SATA vs ATAA SATA hard drive is an electromechanical device that is responsible tostore and read large volumes of information at high speeds.The ceramic disks are mounted on a shift that rotates at high speeds.Such disks have a feature called "Hot swappable", which means it canconnect and disconnect without turning off the computer.The ATA standard was originally designed ton connect hard disks, however,developed an extension called ATAPI (ATA Packet Interface) interfacethat allows other storage peripherals (CD-ROM, DVD-ROM drives, etc) inATA interface.
The SATA hard disk can have two measures: ● 3.5 inches (3.5"), for internal hard drives for desktop computers. ● 2.5" internal hard drives for laptops (Notebook).Unit is the byte, but currently used measures like Gigabyte (GB)and Terabytes (TB). For SATA HDD this data can be 80 GB to400 GB.
PerformanceIn addition to being more convenient to install and drawing lesspower, SATA drives have performance benefits that really setthem apart from ATA drives.The most interesting performance feature of SATA is themaximum bandwidth possible. As we have noted, the evolution ofATA drives has seen the data transfer rate reach its maximum at133 MB/second, where the current SATA standard provides datatransfers of up to 150 MB/second. The overall performanceincrease of SATA over ATA can currently be expected to be upto 5% (according to Seagate), but improvements in SATAtechnology will surely improve on that.
PriceComparing ATA drives to SATA drives can be tricky given all of the variables,but in general it is the case that SATA drives will still cost just a bit more thana comparable ATA drive. The gap is closing rapidly though, and as SATAdrives gain in popularity and availability a distinct shift in prices can beexpected. Considering the benefits of SATA over ATA, the potential differenceof a few dollars can easily be justified when considering an upgrade.Computer Geeks currently has a limited selection of SATA drives, but severaltechnical sites, such as The Tech Zone and The Tech Lounge, offer real timeprice guides to see how comparable drives stack up.
RAID DiskRAID, acronym for Redundant Array of Independent Disks(originally Redundant Array of Inexpensive Disks), is a storagetechnology that provides increased reliability and functionsthrough redundancy. This is achieved by combining multiple diskdrive components into a logical unit, where data is distributedacross the drives in one of several ways called "RAID levels"; thisconcept is an example of storage virtualization and was firstdefined by David A. Patterson, Garth A. Gibson, and Randy Katz atthe University of California, Berkeley in 1987 as Redundant Arraysof Inexpensive Disks.RAID is now used as an umbrella term for computer data storageschemes that can divide and replicate data among multiple physicaldrives. The physical drives are said to be in a RAID, which isaccessed by the operating system as one single drive. The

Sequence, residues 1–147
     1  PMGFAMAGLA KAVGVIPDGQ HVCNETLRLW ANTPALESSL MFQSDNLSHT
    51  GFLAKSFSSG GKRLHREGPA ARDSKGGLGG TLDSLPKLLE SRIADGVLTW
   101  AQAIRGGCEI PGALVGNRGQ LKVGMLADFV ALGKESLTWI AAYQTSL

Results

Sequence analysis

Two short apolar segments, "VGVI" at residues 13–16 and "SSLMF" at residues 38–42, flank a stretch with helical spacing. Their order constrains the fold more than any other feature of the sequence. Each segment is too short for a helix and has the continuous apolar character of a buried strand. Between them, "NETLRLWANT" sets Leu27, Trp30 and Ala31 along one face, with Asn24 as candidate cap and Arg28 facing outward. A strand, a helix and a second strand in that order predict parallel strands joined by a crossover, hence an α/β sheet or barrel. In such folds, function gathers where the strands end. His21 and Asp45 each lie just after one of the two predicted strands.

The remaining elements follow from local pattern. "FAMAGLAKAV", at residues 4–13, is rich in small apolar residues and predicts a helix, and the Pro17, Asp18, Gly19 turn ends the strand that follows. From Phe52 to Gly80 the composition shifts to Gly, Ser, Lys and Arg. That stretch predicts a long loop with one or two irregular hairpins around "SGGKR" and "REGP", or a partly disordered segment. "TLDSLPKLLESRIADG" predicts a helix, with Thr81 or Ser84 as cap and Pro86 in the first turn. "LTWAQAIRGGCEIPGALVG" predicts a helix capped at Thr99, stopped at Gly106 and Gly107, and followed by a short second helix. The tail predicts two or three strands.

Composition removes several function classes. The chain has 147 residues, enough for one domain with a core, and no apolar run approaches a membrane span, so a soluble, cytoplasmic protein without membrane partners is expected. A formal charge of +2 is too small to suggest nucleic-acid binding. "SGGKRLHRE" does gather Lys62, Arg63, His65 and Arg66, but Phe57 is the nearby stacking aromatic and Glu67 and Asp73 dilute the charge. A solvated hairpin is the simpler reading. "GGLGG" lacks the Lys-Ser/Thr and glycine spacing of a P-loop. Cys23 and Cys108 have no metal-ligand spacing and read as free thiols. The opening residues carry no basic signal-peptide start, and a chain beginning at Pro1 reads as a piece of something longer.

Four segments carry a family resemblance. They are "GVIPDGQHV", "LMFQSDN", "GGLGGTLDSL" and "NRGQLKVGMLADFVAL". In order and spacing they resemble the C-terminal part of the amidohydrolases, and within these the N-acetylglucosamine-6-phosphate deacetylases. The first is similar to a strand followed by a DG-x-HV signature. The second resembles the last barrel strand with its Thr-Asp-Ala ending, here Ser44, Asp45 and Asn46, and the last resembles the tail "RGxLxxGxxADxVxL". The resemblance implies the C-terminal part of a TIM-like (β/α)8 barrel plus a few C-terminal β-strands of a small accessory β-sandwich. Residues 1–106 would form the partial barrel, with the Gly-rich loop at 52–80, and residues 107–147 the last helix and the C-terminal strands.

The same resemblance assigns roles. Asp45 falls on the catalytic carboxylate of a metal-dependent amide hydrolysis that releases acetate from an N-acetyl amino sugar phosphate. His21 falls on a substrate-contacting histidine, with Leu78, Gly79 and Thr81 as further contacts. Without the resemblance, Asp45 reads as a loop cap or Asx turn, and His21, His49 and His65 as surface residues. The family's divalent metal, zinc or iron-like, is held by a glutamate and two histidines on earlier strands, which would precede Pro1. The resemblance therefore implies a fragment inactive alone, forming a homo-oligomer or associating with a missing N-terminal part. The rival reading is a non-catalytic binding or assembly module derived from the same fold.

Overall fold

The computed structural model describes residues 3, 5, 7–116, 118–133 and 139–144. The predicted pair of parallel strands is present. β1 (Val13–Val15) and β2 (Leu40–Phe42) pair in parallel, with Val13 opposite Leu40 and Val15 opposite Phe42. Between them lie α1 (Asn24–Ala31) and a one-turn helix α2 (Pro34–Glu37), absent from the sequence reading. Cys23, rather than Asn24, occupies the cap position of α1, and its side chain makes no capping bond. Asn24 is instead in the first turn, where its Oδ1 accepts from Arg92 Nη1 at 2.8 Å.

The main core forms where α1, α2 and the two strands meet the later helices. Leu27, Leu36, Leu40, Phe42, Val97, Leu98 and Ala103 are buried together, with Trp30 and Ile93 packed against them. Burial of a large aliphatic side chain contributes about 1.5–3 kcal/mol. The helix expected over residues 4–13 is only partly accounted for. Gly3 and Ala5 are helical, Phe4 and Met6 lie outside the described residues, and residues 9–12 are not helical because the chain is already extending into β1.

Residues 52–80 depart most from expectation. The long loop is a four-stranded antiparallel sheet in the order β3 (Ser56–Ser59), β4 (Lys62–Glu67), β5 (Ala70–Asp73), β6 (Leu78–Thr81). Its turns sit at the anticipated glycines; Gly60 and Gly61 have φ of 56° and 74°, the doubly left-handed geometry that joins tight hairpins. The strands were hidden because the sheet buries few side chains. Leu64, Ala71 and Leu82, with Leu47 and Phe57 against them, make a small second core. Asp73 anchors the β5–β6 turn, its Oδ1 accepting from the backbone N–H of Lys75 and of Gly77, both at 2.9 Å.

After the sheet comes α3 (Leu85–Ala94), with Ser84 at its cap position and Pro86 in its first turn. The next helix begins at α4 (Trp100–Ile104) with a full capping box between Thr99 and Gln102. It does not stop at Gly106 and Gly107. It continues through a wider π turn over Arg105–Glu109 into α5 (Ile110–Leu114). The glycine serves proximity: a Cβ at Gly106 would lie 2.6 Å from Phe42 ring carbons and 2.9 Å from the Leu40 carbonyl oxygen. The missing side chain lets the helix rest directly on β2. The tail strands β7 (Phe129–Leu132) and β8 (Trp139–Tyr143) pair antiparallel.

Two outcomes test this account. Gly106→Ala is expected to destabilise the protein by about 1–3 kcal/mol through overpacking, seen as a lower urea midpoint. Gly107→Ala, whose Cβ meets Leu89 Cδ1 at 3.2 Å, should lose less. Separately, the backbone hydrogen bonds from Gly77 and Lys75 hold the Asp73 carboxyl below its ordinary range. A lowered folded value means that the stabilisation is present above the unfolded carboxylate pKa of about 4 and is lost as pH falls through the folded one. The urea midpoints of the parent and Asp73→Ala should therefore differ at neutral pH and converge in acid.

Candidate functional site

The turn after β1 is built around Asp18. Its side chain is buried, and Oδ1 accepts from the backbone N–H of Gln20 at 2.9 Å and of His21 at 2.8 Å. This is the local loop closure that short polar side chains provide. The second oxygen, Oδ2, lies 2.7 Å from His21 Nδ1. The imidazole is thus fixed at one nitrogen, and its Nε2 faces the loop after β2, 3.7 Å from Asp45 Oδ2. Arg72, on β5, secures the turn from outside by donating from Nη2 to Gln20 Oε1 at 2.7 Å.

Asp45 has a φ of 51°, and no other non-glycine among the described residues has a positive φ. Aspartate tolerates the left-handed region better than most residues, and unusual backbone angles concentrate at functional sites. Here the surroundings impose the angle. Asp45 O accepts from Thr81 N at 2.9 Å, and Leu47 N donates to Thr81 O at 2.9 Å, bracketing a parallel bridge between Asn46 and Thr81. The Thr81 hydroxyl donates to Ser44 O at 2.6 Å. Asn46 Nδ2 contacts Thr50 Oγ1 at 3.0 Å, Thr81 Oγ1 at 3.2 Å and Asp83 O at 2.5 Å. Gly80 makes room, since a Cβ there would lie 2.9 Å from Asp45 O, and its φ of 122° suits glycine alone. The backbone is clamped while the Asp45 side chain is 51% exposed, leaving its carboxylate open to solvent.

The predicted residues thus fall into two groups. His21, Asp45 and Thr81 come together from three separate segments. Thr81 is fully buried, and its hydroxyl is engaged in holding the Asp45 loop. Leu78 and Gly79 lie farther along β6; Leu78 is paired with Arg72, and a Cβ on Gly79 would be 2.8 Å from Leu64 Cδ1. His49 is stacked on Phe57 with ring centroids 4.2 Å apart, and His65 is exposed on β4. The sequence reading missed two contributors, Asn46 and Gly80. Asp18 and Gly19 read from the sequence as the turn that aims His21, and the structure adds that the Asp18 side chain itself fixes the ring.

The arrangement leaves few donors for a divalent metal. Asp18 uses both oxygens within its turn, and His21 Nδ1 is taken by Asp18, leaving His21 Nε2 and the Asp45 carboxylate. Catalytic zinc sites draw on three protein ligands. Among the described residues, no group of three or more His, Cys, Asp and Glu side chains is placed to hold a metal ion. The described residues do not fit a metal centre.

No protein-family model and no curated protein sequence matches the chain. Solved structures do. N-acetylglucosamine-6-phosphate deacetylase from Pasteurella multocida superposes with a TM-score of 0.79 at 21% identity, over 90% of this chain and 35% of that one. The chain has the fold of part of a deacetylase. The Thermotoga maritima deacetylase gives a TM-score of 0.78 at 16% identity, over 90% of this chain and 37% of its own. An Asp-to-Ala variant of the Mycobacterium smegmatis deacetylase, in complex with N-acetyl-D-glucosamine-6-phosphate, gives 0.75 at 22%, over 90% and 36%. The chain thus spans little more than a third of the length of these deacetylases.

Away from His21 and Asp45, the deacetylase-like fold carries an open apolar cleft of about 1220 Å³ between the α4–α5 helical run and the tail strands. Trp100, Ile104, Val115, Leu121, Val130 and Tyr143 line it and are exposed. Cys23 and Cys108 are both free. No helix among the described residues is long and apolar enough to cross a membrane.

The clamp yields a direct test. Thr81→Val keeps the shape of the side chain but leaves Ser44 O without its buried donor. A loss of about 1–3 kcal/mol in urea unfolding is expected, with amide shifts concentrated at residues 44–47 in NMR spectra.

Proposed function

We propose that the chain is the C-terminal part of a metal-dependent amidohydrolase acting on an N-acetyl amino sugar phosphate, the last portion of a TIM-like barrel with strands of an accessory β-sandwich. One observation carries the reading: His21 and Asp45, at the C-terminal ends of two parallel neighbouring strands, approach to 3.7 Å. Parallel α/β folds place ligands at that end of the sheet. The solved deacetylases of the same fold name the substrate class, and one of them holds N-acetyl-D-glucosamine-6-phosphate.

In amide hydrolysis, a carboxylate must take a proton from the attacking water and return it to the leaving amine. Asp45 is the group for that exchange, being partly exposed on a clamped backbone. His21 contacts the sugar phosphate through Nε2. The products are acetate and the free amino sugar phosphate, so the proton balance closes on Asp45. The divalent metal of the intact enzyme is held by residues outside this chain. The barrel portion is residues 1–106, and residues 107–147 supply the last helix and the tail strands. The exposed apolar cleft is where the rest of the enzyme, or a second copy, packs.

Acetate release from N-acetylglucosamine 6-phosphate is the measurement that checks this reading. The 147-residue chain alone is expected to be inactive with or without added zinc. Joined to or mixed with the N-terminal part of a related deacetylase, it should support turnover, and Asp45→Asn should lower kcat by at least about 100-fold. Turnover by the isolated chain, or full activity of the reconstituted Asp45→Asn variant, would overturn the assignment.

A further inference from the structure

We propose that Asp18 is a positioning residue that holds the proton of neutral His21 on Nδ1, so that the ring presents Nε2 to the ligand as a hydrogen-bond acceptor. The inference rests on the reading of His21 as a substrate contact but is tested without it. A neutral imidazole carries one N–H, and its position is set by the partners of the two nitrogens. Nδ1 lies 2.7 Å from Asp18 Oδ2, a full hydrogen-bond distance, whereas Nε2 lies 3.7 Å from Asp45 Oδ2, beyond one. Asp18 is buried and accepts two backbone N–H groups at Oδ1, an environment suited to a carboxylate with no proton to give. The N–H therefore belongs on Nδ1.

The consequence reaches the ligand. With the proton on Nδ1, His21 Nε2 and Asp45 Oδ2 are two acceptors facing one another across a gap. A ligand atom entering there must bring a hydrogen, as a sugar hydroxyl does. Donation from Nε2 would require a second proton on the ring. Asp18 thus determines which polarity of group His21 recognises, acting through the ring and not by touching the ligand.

NTFS File SystemNTFS (New Technology File System) is a file system included inWindows NT versions of Windows 2000, Windows XP, WindowsServer 2003, Windows Server 2008, Windows Vista and Windows7. It is based on the HPFS file system from IBM / Microsoft, andalso has some influences from the HFS file format designed byApple.NTFS allows you to define the cluster size, from 512 bytes(minimum size of a sector) independently of the size of thepartition.
FAT 16 File SystemThis is the file system introduced by Microsoft in 1987 to support16bit files. It was designed originally to handle files in a "floppy drive".This file system has a very important set of limitations, amongwhich the maximum of 2GB partition, using cluster 32Kb or 64Kband not support long names files.FAT16 does not support compression and encryption.